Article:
The Greeks of Turkey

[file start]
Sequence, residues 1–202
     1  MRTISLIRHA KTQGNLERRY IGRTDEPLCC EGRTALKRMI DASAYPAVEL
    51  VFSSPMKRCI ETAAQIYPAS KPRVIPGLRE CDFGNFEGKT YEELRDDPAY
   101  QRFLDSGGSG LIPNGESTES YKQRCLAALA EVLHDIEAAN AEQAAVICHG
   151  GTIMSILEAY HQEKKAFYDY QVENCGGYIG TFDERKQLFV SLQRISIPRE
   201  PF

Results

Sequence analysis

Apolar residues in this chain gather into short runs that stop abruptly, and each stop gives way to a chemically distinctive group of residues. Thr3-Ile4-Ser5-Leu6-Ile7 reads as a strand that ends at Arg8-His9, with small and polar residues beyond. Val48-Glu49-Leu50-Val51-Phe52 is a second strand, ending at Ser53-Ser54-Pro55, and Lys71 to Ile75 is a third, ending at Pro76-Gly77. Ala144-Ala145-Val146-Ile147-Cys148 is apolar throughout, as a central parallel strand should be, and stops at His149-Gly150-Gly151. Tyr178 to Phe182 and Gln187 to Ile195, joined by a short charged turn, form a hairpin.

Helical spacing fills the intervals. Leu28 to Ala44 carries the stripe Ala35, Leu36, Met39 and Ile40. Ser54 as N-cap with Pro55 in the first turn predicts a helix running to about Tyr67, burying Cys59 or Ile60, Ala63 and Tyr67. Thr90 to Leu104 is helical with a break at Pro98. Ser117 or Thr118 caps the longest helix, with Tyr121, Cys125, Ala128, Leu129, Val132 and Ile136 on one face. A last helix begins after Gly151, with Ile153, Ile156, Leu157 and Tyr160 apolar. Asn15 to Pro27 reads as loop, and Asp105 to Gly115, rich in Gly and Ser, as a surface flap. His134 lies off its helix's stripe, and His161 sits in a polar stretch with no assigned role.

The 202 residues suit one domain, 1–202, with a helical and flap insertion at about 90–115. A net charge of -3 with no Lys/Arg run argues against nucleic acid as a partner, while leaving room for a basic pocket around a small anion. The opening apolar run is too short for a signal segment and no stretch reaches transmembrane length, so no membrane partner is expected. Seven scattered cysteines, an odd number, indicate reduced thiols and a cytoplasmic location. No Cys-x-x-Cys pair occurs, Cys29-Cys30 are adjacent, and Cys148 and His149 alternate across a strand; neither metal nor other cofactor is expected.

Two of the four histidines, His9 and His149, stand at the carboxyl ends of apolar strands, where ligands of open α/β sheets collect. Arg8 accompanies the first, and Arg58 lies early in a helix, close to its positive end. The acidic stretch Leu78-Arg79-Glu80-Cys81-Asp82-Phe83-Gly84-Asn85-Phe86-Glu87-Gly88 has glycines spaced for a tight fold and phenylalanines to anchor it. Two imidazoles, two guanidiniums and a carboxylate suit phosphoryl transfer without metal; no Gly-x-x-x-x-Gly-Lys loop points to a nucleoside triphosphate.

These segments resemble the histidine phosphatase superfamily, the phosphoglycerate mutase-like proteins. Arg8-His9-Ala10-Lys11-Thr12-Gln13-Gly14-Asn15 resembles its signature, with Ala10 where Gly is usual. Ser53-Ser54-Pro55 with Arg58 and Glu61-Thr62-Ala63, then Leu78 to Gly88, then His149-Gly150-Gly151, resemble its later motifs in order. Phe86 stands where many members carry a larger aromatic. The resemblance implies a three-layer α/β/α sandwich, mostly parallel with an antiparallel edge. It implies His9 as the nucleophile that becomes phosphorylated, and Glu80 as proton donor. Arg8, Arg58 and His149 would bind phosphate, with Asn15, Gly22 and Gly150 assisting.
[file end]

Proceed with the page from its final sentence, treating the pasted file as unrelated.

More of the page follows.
The Greek community in Turkey is dwindling, elderly and frightened. Its population has declined from about 110,000 at the time of the signing of the Lausanne Treaty in 1923 to about 2,500 today. Its fear stems from an appalling history of pogroms and expulsions suffered at the hands of the Turkish government. A Helsinki Watch mission visited Turkey in October 1991 and found that the government there continues to violate the human rights of the Greek minority. These acts include harassment by police; restrictions on free expression; discrimination in education involving teachers, books and curriculum; restrictions on religious freedom; limitations on the right to control charitable institutions; and the denial of ethnic identity. All of these abuses violate international human rights laws and standards that have been signed or endorsed by the government of Turkey, including the European Convention on Human Rights and the Paris Charter. (from our “Denying Human Rights and Ethnic Identity” series)

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